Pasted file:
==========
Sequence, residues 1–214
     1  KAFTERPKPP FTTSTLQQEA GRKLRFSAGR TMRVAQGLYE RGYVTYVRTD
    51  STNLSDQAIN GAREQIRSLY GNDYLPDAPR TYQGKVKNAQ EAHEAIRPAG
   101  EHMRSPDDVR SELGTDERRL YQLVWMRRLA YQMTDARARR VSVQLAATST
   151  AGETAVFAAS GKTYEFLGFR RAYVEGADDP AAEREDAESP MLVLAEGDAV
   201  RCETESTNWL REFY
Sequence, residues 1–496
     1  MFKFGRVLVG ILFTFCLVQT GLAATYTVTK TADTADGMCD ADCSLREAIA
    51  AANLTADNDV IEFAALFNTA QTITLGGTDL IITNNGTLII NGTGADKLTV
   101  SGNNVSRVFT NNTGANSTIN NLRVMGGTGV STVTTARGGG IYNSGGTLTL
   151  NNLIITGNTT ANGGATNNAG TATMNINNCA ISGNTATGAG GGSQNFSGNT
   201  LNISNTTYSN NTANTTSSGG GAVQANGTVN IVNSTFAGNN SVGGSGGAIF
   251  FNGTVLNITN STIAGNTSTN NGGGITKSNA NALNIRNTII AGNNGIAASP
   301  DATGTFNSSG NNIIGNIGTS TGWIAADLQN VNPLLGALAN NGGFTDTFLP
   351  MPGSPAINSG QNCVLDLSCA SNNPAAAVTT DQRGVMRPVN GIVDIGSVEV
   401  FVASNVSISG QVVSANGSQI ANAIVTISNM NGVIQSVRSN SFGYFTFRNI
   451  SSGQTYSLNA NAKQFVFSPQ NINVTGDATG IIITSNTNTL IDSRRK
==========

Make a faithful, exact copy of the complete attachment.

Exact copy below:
Sequence, residues 1–214
     1  KAFTERPKPP FTTSTLQQEA GRKLRFSAGR TMRVAQGLYE RGYVTYVRTD
    51  STNLSDQAIN GAREQIRSLY GNDYLPDAPR TYQGKVKNAQ EAHEAIRPAG
   101  EHMRSPDDVR SELGTDERRL YQLVWMRRLA YQMTDARARR VSVQLAATST
   151  AGETAVFAAS GKTYEFLGFR RAYVEGADDP AAEREDAESP MLVLAEGDAV
   201  RCETESTNWL REFY
Sequence, residues 1–496
     1  MFKFGRVLVG ILFTFCLVQT GLAATYTVTK TADTADGMCD ADCSLREAIA
    51  AANLTADNDV IEFAALFNTA QTITLGGTDL IITNNGTLII NGTGADKLTV
   101  SGNNVSRVFT NNTGANSTIN NLRVMGGTGV STVTTARGGG IYNSGGTLTL
   151  NNLIITGNTT ANGGATNNAG TATMNINNCA ISGNTATGAG GGSQNFSGNT
   201  LNISNTTYSN NTANTTSSGG GAVQANGTVN IVNSTFAGNN SVGGSGGAIF
   251  FNGTVLNITN STIAGNTSTN NGGGITKSNA NALNIRNTII AGNNGIAASP
   301  DATGTFNSSG NNIIGNIGTS TGWIAADLQN VNPLLGALAN NGGFTDTFLP
   351  MPGSPAINSG QNCVLDLSCA SNNPAAAVTT DQRGVMRPVN GIVDIGSVEV
   401  FVASNVSISG QVVSANGSQI ANAIVTISNM NGVIQSVRSN SFGYFTFRNI
   451  SSGQTYSLNA NAKQFVFSPQ NINVTGDATG IIITSNTNTL IDSRRK